Prosecutor misconduct has been all the buzz lately,1 especially in the wake of a steep uptick in exonerations. In 2013 there were 13 exonerations in Texas,2 compared with 39 in 2014,3 and 54 in 2015.4 Cases like Michael Morton and Anthony Graves pushed prosecutorial misconduct into the media, front and center. Morton spent close to 25 years in prison for murdering his wife . . . a crime for which he was exonerated. Graves spent 18 years in prison before his capital murder conviction was overturned for the prosecutorial misconduct of former Burleson County District Attorney, Charles Sebesta. Sebesta was later disbarred5 and the charges against Graves were dismissed for lack of evidence. To the credit of prosecutors, much of the progress in overturning wrongful convictions has been attributed to the prosecutors themselves. By taking the initiative to ensure the validity of their convictions through the work of conviction integrity units, they have been instrumental in securing many of these results. But clients, past and present, still wonder whether prosecutors withhold evidence favorable to them. In response, I’ve helped them understand the difference between a prosecutor’s ethical misconduct and inadvertant Brady error.
The case of Brady v. Maryland, 373 U.S. 83 (1963) held that a prosecutor’s suppression of favorable evidence violated due process principles when the evidence was material either to guilt, or to punishment, regardless of whether the prosecutor intentionally withheld the evidence. Under Brady, a prosecutor had constructive knowledge of all evidence known to anyone on the prosecution team. So, for example, if a police detective developed exculpatory evidence favorable to the accused person, a Brady error occurred if the prosecutor failed to disclose it to the defense, even if the prosecutor did not have actual knowledge of the evidence. Consequently, a prosecutor could create Brady error without knowing it. The focus of Brady was essentially on the potential harm to the accused resulting from the nondisclosure. It did not involve any punishment for the misdeeds of the prosecutor involved. The passage of the Michael Morton Act6 in 2013 eliminated much of the guesswork for prosecutors who were contemplating what evidence must be disclosed. The current state of Texas law is that a prosecutor must turn over all material evidence in their (or law enforcement’s) possession that isn’t work-product or privileged.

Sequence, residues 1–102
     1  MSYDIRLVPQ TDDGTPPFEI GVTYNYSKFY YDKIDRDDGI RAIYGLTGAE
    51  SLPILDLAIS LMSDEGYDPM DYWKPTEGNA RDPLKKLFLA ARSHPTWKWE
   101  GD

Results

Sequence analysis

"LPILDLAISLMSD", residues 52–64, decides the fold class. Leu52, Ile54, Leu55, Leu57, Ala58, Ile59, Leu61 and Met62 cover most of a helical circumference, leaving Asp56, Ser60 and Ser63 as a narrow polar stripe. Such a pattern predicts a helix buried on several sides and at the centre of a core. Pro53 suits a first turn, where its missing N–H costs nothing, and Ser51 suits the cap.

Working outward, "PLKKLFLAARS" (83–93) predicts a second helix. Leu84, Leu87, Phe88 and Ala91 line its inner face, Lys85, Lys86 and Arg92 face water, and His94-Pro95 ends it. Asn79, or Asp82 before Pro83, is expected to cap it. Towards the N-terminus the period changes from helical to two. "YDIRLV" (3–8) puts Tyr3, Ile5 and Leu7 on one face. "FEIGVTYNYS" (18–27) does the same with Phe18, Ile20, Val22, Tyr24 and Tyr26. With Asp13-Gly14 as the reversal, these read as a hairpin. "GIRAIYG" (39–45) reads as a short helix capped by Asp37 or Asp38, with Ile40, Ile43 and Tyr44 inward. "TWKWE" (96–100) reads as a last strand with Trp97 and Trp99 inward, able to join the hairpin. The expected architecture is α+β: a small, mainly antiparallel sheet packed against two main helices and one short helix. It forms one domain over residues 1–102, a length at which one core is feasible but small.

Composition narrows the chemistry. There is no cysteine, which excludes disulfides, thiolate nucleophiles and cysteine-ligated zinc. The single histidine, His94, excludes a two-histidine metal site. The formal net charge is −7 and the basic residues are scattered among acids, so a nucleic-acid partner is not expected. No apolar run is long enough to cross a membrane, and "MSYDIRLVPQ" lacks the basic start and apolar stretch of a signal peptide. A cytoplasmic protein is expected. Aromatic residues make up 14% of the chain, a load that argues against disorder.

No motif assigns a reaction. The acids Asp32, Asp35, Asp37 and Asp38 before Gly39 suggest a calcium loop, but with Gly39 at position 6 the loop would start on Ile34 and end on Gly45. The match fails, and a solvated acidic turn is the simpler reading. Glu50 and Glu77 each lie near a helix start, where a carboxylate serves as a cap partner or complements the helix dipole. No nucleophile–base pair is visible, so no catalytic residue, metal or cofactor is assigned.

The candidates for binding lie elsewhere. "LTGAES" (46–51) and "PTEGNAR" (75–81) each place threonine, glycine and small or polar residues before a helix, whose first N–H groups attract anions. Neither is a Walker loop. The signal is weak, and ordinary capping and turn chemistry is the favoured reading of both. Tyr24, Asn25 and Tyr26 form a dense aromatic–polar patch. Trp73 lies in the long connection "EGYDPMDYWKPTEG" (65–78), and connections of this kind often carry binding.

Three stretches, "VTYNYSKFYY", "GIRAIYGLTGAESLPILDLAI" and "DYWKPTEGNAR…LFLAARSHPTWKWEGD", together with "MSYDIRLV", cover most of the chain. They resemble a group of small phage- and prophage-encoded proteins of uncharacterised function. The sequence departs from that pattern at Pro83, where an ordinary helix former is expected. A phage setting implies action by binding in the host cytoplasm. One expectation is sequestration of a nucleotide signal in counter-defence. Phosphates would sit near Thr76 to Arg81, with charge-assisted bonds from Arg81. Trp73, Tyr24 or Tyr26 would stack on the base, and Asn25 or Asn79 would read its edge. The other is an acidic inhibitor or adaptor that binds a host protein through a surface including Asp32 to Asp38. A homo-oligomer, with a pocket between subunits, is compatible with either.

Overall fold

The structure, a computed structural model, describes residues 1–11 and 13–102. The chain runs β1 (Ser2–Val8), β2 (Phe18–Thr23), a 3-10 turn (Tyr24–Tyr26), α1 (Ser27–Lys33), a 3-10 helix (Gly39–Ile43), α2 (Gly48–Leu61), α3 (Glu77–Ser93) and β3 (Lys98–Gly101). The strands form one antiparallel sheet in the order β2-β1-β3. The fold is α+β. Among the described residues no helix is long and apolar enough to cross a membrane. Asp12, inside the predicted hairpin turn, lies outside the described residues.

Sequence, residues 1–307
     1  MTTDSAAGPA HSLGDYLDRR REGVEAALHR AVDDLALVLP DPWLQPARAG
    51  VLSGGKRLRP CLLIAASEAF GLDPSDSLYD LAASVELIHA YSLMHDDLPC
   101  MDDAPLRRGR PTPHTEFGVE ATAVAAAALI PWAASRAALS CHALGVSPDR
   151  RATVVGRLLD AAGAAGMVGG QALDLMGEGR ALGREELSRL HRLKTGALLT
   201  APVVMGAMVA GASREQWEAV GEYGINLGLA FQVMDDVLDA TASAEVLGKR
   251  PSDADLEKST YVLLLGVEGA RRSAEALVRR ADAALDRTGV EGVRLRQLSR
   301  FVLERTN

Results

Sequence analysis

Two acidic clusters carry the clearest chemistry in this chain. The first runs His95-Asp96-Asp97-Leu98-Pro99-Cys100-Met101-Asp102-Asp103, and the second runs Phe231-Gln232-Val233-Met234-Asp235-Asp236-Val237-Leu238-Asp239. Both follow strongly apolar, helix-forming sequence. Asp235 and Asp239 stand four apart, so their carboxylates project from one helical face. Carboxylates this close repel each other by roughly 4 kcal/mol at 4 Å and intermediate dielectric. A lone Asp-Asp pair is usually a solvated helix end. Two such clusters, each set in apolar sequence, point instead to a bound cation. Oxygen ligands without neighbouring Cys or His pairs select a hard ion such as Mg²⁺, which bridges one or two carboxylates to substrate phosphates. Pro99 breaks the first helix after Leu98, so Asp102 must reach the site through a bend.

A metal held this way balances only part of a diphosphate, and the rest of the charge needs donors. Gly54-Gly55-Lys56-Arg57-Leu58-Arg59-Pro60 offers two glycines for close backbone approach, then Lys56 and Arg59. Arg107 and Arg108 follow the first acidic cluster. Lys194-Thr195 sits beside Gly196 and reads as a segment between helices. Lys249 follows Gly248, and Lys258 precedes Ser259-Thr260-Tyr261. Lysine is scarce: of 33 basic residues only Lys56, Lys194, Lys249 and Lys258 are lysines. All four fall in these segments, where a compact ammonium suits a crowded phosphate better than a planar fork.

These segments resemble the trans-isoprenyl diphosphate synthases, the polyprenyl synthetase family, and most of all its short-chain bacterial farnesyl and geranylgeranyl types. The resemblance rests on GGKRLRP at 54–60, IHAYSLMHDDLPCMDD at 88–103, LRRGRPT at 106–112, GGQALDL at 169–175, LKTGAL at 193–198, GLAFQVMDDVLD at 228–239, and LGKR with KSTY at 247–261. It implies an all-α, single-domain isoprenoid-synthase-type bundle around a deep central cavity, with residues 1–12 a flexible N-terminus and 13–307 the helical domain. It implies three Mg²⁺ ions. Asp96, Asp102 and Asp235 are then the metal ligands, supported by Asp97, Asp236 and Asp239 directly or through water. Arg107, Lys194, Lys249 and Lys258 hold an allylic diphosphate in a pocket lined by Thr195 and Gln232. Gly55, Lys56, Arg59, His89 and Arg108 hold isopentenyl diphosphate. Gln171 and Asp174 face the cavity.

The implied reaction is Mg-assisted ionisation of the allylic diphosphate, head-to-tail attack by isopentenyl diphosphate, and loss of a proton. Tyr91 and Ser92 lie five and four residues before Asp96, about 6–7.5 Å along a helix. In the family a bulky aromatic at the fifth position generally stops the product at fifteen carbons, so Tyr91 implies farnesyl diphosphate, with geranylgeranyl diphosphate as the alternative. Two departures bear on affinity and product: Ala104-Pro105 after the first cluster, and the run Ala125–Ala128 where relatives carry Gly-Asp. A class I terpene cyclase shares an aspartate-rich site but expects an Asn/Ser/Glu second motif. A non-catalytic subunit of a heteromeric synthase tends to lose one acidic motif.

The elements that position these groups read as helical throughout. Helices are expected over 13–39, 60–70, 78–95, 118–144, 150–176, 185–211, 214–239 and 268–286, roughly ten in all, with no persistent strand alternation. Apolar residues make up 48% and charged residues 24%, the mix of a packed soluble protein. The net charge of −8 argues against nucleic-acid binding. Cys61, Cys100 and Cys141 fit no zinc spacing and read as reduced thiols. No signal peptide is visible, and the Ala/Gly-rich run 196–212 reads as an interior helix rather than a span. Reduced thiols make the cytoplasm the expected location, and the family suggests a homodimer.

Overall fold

The intentional behavior of prosecutors is handled differently. Charles Sebesta was disbarred because he both knew about favorable evidence concerning Anthony Graves and because he intentionally withheld it. Under the Texas Disciplinary Rules of Professional Conduct (Rule 3.09(d)), punishment for a prosecutor is reserved for those who consciously choose to suppress known, favorable evidence. Brady error can result in the reversal of a conviction and a new trial. Professional misconduct, on the other hand, can result in the professional discipline, and even disbarment, of an offending prosecutor.
How often are prosecutors knowingly withholding favorable evidence to the accused? At least here in Brazos County, misdemeanor and felony prosecutors have conducted themselves with the highest degree of professionalism and ethics. In 25 years of law practice, I’ve never had opportunity to question the ethical behavior of any prosecutor I’ve worked with. There have been the occasional Brady errors, but those have typically been the fault of the police, not the prosecutor. In my experience, it’s the rare prosecutor who intentionally manipulates the system to gain advantage. But obviously, prosecutor manipulation does occur. Thankfully for my clients, though, open discovery rules have all but eliminated Brady errors in criminal cases. And for the rare prosecutor who intentionally games the system for an advantage? Well, what goes around will certainly come around again.
1. Popps, Laura Bayouth. “WRONGFUL CONVICTIONS PROSECUTORIAL MISCONDUCT AND THE ROLE …” State Bar of Texas. Texas Bar Journal, July 2017. Web. 14 July 2017.
2. Exonerations in 2013, The National Registry of Exonerations, p.1 (February 4, 2014)
3. Exonerations in 2014, The National Registry of Exonerations, p. 2 (January 27, 2015)
4. Exonerations in 2015, The National Registry of Exonerations, p. 5 (February 3, 2016)
5. Commission for Lawyer Discipline v. Charles J. Sebesta, Jr., No. 201400539 (State Bar Dist. 8-2 June 11, 2015) (Disbarment)
6. Michael Morton Act, 83d Leg., R.S., ch. 49, 2013 Tex. Gen. Laws 106 (codified at Tex. Code Crim. Proc. Ann. Art. 39.14 (West 2014))
Stephen Gustitis is a criminal defense lawyer in Bryan-College Station. He is Board Certified in Criminal Law by the Texas Board of Legal Specialization. He is also a husband, father, and retired amateur bicycle racer.